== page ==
Okay, that’s very interestingly Luciano, as you talk about learning, one could associate also letdowns in our careers from learning experiences. What has been the biggest letdown in your career so far? And how did you deal with it?

“Let’s see. First of all, I would not call it really a letdown. Because ‘letdown’ to me sounds so disappointing, and sometimes negative, let’s call it rather a break. Some years ago, the organisation I was working for, was facing some drastic budgetary constraints. And my position, which was already quite precarious, could not be kept any longer. Therefore, I was without a job just like that. I did not see it coming, of course, and I was not prepared for it either. It just happened. I could not control it. I could not change it. That was it. So at the beginning, as you might understand, I was, of course, of course sad. Then I understood that I could use this time to do something new. So I would take this, let’s say break, like you said, this letdown as an opportunity to do something new. Being a curious person myself as a total curiosity is one of my personal characteristics, and I’m constantly looking for learning and improvement, I decided to enrol in a full time MBA programme, that ultimately was a smart career move, as it gave me also a new skill set in terms of leadership.

So in short, to answer your question, which is also very complex. I think that when a letdown comes to the way, as hard as it may sound, it is important to focus on something bigger, find your way out. I’m saying this, in retrospect, right, having known how hard he was coming back”.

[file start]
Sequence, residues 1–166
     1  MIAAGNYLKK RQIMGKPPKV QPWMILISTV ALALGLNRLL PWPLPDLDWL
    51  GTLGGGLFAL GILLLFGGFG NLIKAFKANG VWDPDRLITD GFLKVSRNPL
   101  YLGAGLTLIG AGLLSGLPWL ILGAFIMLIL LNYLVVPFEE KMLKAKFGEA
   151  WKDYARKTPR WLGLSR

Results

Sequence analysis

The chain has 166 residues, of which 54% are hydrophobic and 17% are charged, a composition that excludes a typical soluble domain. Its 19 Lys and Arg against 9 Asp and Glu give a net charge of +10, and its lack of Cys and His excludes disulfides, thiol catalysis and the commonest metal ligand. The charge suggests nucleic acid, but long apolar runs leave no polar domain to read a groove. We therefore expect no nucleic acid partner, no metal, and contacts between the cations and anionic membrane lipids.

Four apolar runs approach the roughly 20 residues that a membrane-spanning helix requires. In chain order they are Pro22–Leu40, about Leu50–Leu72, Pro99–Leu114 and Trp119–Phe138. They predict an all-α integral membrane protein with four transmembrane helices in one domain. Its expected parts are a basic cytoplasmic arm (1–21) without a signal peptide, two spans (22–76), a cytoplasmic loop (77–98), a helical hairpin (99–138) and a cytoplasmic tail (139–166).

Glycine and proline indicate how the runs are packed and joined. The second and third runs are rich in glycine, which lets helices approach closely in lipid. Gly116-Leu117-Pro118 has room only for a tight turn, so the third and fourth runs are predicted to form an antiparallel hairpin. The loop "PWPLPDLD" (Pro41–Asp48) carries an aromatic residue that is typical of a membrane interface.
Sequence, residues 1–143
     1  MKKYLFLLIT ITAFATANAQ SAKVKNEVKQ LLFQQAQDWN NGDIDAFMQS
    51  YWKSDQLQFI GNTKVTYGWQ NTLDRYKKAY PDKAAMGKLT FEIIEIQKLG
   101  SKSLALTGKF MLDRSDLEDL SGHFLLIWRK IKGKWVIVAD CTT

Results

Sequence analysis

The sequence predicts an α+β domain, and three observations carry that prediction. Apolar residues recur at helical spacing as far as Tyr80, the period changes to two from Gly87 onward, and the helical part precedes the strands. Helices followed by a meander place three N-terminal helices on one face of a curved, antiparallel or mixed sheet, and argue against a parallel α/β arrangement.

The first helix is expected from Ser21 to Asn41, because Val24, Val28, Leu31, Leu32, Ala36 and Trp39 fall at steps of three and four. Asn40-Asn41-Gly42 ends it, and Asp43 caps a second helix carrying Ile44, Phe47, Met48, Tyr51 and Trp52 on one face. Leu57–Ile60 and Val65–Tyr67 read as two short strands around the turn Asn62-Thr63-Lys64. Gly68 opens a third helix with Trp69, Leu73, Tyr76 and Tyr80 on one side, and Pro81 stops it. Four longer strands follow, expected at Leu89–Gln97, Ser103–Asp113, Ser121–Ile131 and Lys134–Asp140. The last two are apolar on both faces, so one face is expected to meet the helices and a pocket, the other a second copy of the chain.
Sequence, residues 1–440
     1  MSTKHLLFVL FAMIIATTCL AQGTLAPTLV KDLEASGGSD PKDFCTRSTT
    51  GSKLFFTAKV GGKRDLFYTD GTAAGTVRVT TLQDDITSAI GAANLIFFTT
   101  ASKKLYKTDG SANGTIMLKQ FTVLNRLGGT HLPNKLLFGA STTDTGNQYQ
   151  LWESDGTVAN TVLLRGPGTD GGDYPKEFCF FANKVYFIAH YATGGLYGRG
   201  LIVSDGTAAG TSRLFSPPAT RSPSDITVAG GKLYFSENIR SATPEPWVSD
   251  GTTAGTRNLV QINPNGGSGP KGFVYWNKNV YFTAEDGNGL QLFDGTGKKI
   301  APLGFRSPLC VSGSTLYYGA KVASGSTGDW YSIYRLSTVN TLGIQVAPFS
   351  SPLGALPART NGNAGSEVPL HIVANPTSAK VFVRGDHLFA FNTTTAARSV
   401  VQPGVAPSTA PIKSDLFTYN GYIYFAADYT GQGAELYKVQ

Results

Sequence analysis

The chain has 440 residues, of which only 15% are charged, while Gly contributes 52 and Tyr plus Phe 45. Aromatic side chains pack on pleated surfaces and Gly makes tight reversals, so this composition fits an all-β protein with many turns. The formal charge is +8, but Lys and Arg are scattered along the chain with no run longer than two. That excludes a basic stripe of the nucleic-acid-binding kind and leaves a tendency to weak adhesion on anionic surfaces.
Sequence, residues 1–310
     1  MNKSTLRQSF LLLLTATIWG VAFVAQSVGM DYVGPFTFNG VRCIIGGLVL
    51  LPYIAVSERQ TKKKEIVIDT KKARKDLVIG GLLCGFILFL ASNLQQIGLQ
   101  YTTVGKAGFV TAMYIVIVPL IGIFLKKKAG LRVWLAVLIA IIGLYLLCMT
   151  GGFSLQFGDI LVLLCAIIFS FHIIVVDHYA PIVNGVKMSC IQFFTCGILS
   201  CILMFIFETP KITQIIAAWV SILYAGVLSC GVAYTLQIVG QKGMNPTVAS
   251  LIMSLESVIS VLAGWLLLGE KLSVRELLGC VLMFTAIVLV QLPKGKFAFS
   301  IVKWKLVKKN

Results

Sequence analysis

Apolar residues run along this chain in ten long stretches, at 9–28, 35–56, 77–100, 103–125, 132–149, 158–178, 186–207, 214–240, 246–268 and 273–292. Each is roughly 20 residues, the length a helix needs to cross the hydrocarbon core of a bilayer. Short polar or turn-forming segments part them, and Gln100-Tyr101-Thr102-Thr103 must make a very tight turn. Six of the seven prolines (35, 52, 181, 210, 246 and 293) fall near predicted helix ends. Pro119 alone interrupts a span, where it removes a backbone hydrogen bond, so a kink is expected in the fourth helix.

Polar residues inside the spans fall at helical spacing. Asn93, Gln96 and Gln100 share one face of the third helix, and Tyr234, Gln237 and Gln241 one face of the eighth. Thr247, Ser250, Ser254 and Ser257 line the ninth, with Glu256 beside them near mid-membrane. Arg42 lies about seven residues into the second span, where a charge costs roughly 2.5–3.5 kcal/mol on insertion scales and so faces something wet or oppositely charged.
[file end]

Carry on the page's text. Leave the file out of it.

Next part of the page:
Yes, absolutely. Absolutely. In retrospect, yeah, we may have the chance to reflect more and more upon these kinds of experiences, you mentioned now curiosity, and also leadership as a skill you’re developing. What are other skills, abilities or other personal attributes that you can say are essential to succeed in your job or in your field?

“Yes, well, working for the UN, in this respect for diversity is for sure, flexibility, willingness to learn. So if one has these three skills, I already I think they are on the right track. In addition, I would say that it’s important to show a great degree of integrity in our daily interactions. And this is not only at work, but also in our private life. We are first and foremost international civil servants, and we have duties and obligations towards our organisation only. So everything we do, our actions and our behaviours, also in our private life, must consider the potential impact that they may have on our organisation. As per my role, specifically, I think it is also important to show respect, to have empathy and to be a good listener.

Well, these definitely sound like a very important traits. And you mentioned you were very passionated, about your field at the beginning. If you could do it all over again, would you choose the same path? And if not, what would you change?